At our very first event back in 2010, the NZ CIO Summit a new verb — to Gizmo — looked set to enter the English language. Sitting next to a couple of delegates in the event cafe on Day 2, one of the real highlights of our first deployment was watching one of them demonstrating the ShowGizmo app to the other.
‘It’s wonderful,’ he said. ‘You can use the search to find stuff — just Gizmo it!’ His companion looked suitably impressed.
So did the Showmanator! ‘Move over Google,’ she thought, her over-active imagination supplying images of our ‘Gizmo’ as the international search engine of choice … for a nano-second … then reality gatecrashed the dream and the images dissolved as quickly as sugar in boiling water. Of course, ShowGizmo’s search function only allows people to search for stuff within the parameters of a particular event, not across the entire Internet.
But with me here, there is a point. Received wisdom from the advertising industry has it that if a brand becomes the generic name for, or synonymous with, a general class of product or service, it devalues the brand. However if you ask the people who hoover instead of vacuuming, xerox instead of photocopying. Who recognize catseyes on the road, wrap flowers in cellophane, swallow aspirin if they’ve drunk too much mulled wine from their thermos flask, fasten their clothes with zips, sign letters with biros and photoshop images of their nearest and dearest what they think, it would be a different story.
All of these examples started life as brands that belonged to well known organisations. But such has been the quantum of the shift that users may neither know, nor care that there once was a specific product involved. All they care about is being able to define an activity in a way that others will understand.
So what has that got to do with the events industry? Well, for one thing it’s an industry that is very strong on event brands. I’m thinking Crufts, Farnborough, International Confex, AIME, GIBTM etc. Event brands are valuable and distinctive and focusing on building the brand is clearly important. Most event producers therefore aspire to pushing their brands across everything related to their events, including their event apps. But is this genuinely the right approach?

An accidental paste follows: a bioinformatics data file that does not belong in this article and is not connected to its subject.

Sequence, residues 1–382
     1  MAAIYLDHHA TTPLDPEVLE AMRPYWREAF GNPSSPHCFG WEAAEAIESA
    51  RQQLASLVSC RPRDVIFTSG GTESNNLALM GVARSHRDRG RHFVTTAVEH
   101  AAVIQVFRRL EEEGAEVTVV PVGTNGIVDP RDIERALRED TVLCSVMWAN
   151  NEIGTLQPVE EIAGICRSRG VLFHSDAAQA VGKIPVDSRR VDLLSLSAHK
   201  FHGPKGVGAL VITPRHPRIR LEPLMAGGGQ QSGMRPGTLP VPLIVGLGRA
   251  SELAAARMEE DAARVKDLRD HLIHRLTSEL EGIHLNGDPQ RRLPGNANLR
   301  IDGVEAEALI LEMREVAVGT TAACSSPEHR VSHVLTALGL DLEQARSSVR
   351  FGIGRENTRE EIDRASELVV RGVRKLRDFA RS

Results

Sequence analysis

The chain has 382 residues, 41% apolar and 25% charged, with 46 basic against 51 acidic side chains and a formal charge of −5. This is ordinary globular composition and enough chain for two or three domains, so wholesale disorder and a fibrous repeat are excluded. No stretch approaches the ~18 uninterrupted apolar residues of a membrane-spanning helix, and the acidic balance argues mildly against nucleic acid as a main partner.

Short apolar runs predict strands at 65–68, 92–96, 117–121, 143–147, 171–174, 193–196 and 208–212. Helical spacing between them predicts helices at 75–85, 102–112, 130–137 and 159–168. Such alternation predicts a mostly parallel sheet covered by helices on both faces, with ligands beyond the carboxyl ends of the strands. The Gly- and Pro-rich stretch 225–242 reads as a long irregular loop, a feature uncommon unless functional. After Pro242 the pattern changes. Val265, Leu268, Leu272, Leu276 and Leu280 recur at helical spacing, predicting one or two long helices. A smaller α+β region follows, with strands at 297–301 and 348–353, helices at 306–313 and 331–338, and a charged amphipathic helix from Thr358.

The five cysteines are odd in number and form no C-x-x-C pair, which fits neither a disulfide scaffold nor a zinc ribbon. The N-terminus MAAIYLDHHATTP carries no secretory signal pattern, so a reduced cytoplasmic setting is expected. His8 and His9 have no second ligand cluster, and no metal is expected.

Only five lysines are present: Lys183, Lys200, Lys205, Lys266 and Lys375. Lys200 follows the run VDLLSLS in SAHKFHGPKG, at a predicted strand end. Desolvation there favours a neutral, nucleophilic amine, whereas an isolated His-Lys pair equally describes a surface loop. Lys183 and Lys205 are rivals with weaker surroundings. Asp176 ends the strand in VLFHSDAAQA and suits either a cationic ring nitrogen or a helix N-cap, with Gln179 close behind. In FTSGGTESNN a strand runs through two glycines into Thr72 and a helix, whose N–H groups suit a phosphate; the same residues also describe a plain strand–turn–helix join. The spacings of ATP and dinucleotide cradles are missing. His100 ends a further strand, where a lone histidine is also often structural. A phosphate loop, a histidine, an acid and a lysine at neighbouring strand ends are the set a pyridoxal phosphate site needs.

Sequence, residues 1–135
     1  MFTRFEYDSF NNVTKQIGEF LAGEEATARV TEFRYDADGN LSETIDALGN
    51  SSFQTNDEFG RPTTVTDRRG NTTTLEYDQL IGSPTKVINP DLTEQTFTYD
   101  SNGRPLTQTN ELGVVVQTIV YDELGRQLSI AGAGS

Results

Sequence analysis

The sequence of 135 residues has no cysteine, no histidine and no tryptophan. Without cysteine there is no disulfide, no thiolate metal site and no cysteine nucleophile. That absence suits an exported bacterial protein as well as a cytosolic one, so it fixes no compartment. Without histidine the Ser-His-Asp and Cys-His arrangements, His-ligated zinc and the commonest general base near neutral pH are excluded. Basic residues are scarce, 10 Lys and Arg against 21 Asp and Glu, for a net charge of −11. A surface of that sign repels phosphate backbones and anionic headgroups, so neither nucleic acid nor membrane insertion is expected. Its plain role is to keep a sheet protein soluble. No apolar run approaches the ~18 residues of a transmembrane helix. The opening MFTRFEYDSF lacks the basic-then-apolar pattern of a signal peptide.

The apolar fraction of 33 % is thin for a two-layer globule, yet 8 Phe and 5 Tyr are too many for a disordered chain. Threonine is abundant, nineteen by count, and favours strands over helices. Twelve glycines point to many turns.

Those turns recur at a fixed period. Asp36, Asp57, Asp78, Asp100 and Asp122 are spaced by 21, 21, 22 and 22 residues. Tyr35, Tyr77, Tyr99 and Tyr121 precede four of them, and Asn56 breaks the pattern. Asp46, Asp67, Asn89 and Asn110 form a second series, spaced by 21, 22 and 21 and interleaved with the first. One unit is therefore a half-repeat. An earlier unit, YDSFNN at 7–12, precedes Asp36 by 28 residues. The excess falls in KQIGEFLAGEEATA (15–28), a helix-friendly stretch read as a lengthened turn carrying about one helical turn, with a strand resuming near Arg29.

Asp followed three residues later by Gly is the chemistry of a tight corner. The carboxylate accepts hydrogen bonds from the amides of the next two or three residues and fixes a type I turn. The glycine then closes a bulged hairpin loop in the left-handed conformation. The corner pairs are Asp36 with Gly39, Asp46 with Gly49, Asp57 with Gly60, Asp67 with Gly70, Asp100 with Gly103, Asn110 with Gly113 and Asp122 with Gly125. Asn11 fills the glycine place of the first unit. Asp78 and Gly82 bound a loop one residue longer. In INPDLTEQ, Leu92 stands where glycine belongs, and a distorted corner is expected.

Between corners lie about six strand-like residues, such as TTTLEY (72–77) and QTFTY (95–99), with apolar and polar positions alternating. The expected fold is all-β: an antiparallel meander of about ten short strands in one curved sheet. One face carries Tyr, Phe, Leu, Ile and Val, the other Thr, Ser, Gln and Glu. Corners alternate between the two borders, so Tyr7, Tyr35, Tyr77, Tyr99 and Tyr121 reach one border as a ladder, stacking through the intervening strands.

Coming back to the opening scenario. Clearly the probability of ShowGizmo becoming a brand verb any time soon is low — it would be a high roller that would put money on event attendees wandering the halcyon halls of their chosen trade show ‘gizmoing’ away to their hearts content. But the concept of one event app to rule them all should not necessarily be discarded lightly. While there are clearly events where the brand predominates and an own brand app with functionality that is event specific is right answer, there are also legions of events where brand recognition for the app tool itself and all the familiarity of use that brings is going to provide a better experience. ‘Great, they’re using ShowGizmo! Think I’ve still got the last version on my phone – how easy is that!’
Most of us use Excel or PowerPoint over and over again. We don’t use My Organisation Spread Sheet or Presentation packages. Love them or hate them, when we use these Microsoft products, we have the same experience wherever we are in the world and whatever content we choose to load. We can add our own imagery and make choices about what is displayed, put our own stamp on whatever we produce using them. We share the end products with others to inform/engage them in our project/proposal/business idea. In most cases the recipients know how to open and review files in these universal formats.
Therefore, why not a universal event app? They’re simply enablers for communications and engagement. Does every one actually need to be different? Of course the one app to rule them all needs to provide a great user experience. Building unique, branded apps for events is the current flavor du jour and that comes at a premium. However, like any new technology — thinking flat screen TVs, iPads and the eye watering prices only a couple of years ago — there is often a high entry price which drops exponentially over the following years. The early adopters — God bless them — embrace the new and fork out the wads of cash required to get the products to market. Then comes a gradual move from high end to commodity as more people start using the product and costs reduce dramatically. The degree to which this is the case varies from product to product.
Event apps, currently a high end product, are likely to become commoditized over the next few years. At that point most users will be happy to download the Excels of the app world. Might even be ShowGizmo … you heard it first here!